NANCY LOPEZ 1993 Champion
Birthdate: January 6, 1957
Birthplace: Torrance, CA
Residence: Albany, GA
Rookie Year: 1977
Tour Status: Exempt
Tour victories: 48
Hall of Fame: Member Since 1987
2001 -- Played a limited schedule due to continuing knee problems.
Recorded her second career hole-in-one at the AFLAC Champions Presented by Southern Living, where she tied for 37th, her season-best finish.
2000 -- Played in a limited number of events due to gall bladder surgery in late May; season-best finish was a tie for ninth at The Office Depot; the Chick-fil-A Charity Championship officially renamed its title to the Chick-fil-A Charity Championship hosted by Nancy Lopez in her honor and she is the annual host of the tournament; in March, the Chick-fil-A Charity Championship hosted by Nancy Lopez announced the creation of the Nancy Lopez Award, which is presented annually in conjunction with the tournament to the world's outstanding female amateur golfer.
1999 -- Played in a limited number of events due to knee surgery in May; best finish was a tie for 12th at both the Standard Register PING and AFLAC Champions Presented by Southern Living.
1998 -- Best finish was a tie for second at the Sara Lee Classic, where she carded a season-low 66 in the opening round and lost in a four-way, sudden-death playoff to Barb Mucha.
1997 -- Won her 48th career title at the Chick-fil-A Charity Championship; finished second at the U.S. Women's Open Championship after firing rounds of 69-68-69-69, making her the only woman in U.S. Women's Open history to shoot four rounds in the 60s, yet still finished one stroke behind Alison Nicholas for her fourth runner-up finish in the Open, a title she has not won; crossed the $5 million milestone in LPGA career earnings after the season-ending ITT LPGA Tour Championship.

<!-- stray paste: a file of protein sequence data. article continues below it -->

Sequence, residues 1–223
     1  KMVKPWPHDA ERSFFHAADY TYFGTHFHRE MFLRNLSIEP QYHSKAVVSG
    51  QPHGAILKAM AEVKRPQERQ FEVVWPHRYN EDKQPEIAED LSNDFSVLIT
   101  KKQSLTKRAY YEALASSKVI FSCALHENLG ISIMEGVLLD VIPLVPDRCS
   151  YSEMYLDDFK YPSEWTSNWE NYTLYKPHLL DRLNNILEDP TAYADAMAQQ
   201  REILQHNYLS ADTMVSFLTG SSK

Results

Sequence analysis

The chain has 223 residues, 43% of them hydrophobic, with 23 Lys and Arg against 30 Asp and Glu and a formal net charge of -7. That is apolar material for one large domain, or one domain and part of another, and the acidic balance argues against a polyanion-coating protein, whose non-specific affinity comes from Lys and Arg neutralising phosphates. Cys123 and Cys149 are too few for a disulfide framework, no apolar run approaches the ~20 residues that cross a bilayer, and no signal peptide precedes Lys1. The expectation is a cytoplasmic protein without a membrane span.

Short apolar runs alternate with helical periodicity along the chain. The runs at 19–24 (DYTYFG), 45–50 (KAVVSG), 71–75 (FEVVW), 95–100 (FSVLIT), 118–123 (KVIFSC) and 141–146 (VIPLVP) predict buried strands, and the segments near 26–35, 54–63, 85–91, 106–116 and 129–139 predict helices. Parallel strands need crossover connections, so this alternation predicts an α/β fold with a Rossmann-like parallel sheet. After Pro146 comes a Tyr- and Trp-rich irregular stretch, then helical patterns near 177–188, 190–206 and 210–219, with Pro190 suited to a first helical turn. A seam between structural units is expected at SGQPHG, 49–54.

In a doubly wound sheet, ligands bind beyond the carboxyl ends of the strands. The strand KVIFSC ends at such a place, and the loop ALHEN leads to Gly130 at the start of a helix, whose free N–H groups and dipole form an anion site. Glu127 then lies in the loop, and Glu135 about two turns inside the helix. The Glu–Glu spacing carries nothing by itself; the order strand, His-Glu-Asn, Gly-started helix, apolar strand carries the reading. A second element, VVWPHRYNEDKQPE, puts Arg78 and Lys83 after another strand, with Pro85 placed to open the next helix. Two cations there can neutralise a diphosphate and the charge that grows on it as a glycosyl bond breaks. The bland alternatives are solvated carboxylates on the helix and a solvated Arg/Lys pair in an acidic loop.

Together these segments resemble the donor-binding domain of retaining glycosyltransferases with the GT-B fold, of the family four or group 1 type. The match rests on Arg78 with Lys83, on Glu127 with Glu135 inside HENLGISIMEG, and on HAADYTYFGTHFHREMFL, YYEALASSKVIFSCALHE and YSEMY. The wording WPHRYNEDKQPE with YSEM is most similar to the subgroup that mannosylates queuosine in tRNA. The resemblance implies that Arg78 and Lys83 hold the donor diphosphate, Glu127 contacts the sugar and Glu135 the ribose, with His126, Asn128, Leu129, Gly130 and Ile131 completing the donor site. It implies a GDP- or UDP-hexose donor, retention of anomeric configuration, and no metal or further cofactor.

1995 -- Posted nine top-20 finishes, including a season-best third place at the Youngstown-Warren LPGA Classic.
1994 -- Best finish was a tie for second at the Chrysler-Plymouth Tournament of Champions; crossed the $4 million mark in career earnings.
1993 -- won the Youngstown-Warren LPGA Classic in a sudden-death playoff with Deb Richard for her 47th career victory.
1992 -- Recorded back-to-back playoff victories at the Rail Charity Golf Classic and the PING-Cellular One LPGA Golf Championship; tied her career-low score of 64 during the final round of the Rail Charity Golf Classic.
1990 -- Became the second player in LPGA history to cross the $3 million mark in career earnings when she captured the MBS LPGA Classic in a sudden-death playoff with Cathy Gerring.
1989 -- Enjoyed her most successful financial season, earning $487,153 and registering three victories, including the Mazda LPGA Championship.
1988 -- Won three tournaments and was in three sudden-death playoffs - defeated Marta Figueras-Dotti at the Ai Star/Centinela Hospital Classic, lost to Juli Inkster at the Crestar Classic and lost to Mei-Chi Cheng at the Rochester International; became the fourth player in LPGA history to cross the $2 million mark in career earnings; captured Rolex Player of the Year honors for the fourth time.
1987 -- Earned 35th career victory at the Sarasota Classic (the same event in which she claimed her first career win in 1978), which qualified her for the LPGA Tour Hall of Fame; after waiting six months to meet the Tour's membership requirement, was inducted on July 20 as the 11th member; also won the Cellular One-PING Golf Championship.